James Faulkner initially feared for his playing future after suffering a knee injury in January, but Australia’s short-form superstar has wowed teammates by leaving no stone unturned in his bid to be fit for Australia’s Twenty20 World Cup campaign.
The up-and-coming bowling allrounder’s contribution to Australia has become more valuable in the past six months as he has grown into his role as the team’s death bowler, while also proving a several stunning match-winning knocks with the bat.
But it hasn’t been his work in the nets that has impressed coaches and players alike since undergoing knee surgery in January.
That praise has been reserved for his dedication to getting back on the park ahead of schedule.
The 23-year-old has been forced to become best mates with the team physiotherapist, David Beakley, and was hooked up to a special ice machine provided by Cricket Australia “six or seven times a day”.
Two days after Faulkner injured his right knee in the final one-day clash against England during the Australian summer, he went under the knife to have some errant cartilage removed.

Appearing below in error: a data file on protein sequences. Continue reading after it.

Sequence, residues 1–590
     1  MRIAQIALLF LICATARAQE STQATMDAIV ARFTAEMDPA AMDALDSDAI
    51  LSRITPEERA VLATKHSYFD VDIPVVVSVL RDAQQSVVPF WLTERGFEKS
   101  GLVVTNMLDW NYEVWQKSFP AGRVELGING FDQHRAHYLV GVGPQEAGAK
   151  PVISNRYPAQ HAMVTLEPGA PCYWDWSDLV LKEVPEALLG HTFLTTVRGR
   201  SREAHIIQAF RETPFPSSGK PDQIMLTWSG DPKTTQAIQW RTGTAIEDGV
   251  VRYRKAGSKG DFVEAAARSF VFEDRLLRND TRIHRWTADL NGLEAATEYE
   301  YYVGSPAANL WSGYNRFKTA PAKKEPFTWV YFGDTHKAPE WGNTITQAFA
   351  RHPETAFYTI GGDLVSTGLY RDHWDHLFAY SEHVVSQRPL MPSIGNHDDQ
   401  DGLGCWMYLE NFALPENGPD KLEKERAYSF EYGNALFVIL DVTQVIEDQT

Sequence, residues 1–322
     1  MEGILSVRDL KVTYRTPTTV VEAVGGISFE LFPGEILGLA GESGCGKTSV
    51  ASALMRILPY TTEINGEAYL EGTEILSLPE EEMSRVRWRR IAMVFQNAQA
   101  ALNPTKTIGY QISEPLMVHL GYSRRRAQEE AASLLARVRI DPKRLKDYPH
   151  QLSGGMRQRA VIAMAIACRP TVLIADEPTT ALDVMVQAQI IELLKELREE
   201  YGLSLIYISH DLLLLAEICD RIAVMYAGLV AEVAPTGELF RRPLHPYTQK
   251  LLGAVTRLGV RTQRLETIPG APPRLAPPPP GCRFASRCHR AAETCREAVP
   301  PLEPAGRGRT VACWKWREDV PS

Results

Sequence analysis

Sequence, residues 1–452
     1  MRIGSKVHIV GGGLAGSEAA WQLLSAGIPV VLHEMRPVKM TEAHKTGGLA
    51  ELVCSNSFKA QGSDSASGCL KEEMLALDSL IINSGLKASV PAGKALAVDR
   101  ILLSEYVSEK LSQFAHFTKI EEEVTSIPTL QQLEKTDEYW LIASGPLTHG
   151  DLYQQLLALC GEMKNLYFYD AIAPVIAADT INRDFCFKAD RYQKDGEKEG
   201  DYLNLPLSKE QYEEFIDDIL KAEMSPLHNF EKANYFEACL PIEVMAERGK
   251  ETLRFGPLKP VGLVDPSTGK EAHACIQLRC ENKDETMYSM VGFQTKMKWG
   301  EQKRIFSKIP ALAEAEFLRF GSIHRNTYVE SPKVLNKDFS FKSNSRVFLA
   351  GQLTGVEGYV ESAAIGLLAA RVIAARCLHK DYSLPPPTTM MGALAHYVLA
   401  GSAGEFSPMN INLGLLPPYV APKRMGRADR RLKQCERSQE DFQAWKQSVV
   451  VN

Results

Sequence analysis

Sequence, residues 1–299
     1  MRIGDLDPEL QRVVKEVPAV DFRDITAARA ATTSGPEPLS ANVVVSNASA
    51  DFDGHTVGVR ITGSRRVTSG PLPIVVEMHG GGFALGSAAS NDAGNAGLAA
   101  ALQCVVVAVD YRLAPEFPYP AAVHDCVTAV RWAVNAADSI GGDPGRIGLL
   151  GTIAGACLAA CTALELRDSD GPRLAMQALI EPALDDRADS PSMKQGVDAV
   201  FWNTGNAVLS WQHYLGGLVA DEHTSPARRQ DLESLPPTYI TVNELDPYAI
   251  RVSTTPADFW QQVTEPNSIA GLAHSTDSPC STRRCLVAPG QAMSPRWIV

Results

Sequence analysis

Two bouts of intense rehab at the Cricket Australia’s high performance training facilities in Brisbane followed, before he boarded the plane to Bangladesh to continue his comeback plans.
The feisty Tasmanian admits he had fears for his future in the game in the days following his surgery.
“Any time you get injured you have doubts in your head and you worry about how long it is going to take and whether it is going to affect your long-term career,” Faulkner said.
“But I’ve been lucky I have been well looked after – especially David Beakley, who has been unbelievable.
“I don’t think there has been a day in my rehab that he hasn’t contacted me to ask how I’m going.
” (The knee) is never going to feel like it was in all seriousness, any time you go under, but it’s pretty close to where it was.”
The culmination of two months of hard work will pay off on Friday when he makes his comeback against the West Indies in a crucial group match that could decide the fate of both team’s progress to the semi-finals.
Captain George Bailey said Faulkner could’ve played against Pakistan in Australia’s opening fixture – but it was deemed an unnecessary risk to place on such a valuable commodity.